What To Look For When Buying Land In Heavy Snow Areas

22-Dec-2015

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Now is a great time to be in the market for purchasing land. However, all prospective land purchasers need to be aware of certain things when they are in the buying process. This is especially true for those purchasing land in heavy snowfall areas such as the midwest. Snowfall can heavily affect those that own land, primarily because of the lack of development in the immediate vicinity. So if you are looking for land in an area with heavy snowfall, keep the following things in mind.

Road Access/Quality of Roads

One of the first things that is important to look for when buying land in a heavy snow area, is the road access to and around your land, along with the quality of those roads. If you’re buying land with an existing home structure on it, you’ll want to drive the roads to and from it. Keep an eye for problem areas such as unlit sections, bridges, and other things. The more remote the property, the more likely you are on the lower end in terms of plow services should a heavy snowfall occur. You may even want to budget for an SUV or truck that can attach a plow to the front so you can clear your own path.

Additionally, you’ll want to determine the quality of the roads that provide your land with access to the rest of the metropolis. Heavy snowfall can easily damage country back roads that aren’t made or maintained by municipalities.

Total Work to Maintain the Property

Another thing to look for when buying land is the total work to maintain the property. Conventionally this means maintaining your land for whatever purpose you are using it whether that be residential, farming, or your own personal hunting lands.

However, in areas with heavy snow, it also means cleaning debris and plowing snow in the winter. Even with a plow this can often be time-consuming and strenuous work. The heavy snowfall can claim tree branches which can end up obstructing your route.

Power Outages

Another major thing to look for when buying land in an area with heavy snow, is the power outages. Now you probably won’t be able to test this yourself while in the purchasing process but you can ask questions. Rural areas are often the last places to be served if power lines go down. This can be days or weeks without power, whereas a metropolitan area can be back up in hours.

This makes owning a rural land property dangerous if you haven’t planned for contingencies. One of the first contingencies is to have water on-hand. As we’ll discuss in the next section, most rural properties run on wells. Many of those wells have electric pumps meaning that if the power goes out, the well goes out too. In this situation, you’d want to have bottled water for reserves. You should also have backup source for electricity. Most rural landowners should purchase a back-up generator so that you can still run the heat and lights in your home. Having backup water, food, and heat can actually save your life, even in your own home.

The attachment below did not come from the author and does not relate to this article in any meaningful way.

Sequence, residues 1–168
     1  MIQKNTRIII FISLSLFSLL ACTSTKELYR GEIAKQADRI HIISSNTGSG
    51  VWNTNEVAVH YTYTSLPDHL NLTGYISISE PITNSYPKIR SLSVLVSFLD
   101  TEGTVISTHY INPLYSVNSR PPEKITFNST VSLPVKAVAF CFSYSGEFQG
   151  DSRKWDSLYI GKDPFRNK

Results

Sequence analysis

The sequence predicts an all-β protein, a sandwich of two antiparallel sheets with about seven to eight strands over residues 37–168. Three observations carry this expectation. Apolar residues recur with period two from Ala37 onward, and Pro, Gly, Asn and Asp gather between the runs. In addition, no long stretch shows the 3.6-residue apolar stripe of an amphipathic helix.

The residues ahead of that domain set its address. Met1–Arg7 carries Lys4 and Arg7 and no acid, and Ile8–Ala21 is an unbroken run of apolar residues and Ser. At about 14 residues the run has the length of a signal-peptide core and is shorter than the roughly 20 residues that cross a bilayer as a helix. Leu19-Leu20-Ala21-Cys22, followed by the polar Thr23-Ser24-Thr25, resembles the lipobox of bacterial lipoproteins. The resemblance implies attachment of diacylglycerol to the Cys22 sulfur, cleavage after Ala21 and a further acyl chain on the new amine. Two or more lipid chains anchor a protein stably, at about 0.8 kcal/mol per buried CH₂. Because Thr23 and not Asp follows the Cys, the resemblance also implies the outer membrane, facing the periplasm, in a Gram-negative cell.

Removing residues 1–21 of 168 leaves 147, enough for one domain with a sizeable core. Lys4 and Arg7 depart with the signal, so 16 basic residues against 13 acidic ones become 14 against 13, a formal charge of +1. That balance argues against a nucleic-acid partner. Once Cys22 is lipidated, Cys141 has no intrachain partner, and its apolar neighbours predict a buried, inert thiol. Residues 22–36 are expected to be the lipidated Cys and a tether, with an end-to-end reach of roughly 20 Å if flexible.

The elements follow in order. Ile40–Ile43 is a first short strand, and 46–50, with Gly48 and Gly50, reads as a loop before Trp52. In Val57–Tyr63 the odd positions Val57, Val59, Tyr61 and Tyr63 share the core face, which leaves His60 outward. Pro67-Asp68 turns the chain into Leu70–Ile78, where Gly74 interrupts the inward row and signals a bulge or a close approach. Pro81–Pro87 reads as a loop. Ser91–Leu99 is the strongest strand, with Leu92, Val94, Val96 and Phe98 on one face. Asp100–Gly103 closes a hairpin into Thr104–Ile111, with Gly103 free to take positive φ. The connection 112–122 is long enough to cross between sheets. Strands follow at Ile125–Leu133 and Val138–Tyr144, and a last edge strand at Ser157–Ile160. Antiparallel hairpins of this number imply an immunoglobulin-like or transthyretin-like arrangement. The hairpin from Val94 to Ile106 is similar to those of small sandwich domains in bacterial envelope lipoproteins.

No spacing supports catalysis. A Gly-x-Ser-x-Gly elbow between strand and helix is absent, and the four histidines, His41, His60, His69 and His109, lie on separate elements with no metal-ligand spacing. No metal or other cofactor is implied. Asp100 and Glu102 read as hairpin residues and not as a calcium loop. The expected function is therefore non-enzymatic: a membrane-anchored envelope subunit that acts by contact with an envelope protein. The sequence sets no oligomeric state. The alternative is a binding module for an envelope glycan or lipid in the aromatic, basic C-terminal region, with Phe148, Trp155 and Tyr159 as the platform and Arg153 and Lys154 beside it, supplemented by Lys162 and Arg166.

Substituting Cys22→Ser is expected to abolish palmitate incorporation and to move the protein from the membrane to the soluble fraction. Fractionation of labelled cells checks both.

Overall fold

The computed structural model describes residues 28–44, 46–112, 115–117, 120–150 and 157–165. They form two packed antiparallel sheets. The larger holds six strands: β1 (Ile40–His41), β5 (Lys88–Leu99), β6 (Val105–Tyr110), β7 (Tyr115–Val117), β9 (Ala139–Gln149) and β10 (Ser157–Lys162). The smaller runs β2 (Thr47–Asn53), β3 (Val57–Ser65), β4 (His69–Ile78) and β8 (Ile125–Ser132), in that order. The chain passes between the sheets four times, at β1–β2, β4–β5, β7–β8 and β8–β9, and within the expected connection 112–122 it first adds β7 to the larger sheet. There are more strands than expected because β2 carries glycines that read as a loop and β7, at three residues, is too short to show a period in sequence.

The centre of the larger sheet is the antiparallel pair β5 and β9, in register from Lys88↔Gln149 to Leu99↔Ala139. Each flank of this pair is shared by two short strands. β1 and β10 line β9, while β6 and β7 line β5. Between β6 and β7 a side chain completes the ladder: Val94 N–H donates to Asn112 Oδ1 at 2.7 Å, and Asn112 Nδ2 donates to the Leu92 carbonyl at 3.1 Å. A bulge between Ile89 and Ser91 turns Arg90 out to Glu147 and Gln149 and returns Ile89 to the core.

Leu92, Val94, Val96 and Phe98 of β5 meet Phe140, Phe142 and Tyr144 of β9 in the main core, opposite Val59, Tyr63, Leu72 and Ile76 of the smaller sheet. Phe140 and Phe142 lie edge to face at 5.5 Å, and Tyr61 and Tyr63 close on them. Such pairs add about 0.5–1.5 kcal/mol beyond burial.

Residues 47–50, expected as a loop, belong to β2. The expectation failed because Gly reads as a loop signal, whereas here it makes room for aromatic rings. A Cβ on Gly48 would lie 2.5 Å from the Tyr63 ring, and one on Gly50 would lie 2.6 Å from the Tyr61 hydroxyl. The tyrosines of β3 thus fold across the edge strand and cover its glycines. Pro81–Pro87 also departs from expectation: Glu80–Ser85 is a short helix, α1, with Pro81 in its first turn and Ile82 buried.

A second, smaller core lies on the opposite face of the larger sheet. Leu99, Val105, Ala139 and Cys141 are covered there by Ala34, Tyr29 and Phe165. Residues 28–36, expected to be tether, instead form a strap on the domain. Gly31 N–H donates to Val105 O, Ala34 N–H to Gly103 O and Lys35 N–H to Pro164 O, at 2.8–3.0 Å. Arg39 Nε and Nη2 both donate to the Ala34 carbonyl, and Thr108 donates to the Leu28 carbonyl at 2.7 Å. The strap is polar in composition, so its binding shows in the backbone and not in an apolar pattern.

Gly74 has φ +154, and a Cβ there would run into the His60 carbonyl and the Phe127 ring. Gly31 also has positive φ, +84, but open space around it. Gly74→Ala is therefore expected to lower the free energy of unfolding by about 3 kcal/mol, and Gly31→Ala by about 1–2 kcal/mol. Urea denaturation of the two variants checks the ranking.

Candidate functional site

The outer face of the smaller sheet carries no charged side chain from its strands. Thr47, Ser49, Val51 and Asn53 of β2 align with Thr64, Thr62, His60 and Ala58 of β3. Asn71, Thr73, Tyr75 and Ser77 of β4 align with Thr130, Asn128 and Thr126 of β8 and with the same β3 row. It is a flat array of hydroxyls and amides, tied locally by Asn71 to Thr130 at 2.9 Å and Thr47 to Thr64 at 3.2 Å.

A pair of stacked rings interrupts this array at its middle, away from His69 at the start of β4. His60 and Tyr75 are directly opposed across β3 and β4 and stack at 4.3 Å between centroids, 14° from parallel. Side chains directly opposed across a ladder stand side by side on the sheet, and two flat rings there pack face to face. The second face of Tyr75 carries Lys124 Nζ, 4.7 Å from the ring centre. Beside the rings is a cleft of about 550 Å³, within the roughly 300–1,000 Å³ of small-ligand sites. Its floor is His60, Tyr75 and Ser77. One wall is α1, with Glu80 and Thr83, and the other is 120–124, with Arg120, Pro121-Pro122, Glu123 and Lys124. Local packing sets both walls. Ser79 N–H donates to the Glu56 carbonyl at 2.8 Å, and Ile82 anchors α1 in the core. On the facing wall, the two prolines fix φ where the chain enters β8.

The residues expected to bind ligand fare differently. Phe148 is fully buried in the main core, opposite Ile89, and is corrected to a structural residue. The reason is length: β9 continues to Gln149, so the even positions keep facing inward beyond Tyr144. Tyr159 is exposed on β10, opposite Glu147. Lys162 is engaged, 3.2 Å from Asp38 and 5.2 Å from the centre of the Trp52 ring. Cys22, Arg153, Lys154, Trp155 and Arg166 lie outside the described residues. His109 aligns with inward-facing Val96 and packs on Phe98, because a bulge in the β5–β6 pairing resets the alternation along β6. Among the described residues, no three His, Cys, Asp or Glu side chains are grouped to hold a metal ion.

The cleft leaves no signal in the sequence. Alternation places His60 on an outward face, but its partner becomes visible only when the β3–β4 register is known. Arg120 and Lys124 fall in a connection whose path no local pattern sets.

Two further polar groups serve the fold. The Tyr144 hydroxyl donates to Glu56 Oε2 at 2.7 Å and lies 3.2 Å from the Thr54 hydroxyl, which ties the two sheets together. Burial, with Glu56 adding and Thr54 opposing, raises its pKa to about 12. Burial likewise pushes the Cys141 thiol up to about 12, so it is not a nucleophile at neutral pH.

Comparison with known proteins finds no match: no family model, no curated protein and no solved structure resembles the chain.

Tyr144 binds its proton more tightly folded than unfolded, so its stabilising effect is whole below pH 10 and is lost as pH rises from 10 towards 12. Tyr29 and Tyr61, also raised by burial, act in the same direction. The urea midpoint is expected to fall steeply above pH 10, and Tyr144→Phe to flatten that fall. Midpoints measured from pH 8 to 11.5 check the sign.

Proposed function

Water Source

Many rural properties run on well water, which was just mentioned. This is another factor to look for when buying land. When purchasing a home in a neighborhood you typically are using the municipals water which rarely affects you in terms of decision-making. Well water should be tested because treating and softening water can be fairly costly. Testing the water can show you what type of contaminants, chemicals, and sediments are present.

Similarly, rural homes often use septic systems instead of a city sewer system. This is important because the number of occupants can affect how well the septic system works. Both the water system and wastewater removal systems are important in areas with heavy snowfall since you may not have access to get fresh water or get someone out to your home to fix wastewater systems due to road conditions.

Trash Removal

Trash removal is another thing to look out for when buying land. The reason this is important, is again due to road conditions. Trash removal in a rural area can be much different than in a metropolitan area. Residents of cities and towns usually leave their trash on the curb in bins. Rural residents can’t really do that since trash collection often doesn’t travel out to them.

If you are buying land you need to look into nearby town dumps. Unfortunately you will be driving your trash to that dump. Alternatively some rural areas allow you to burn your trash as long as it is not toxic waste.

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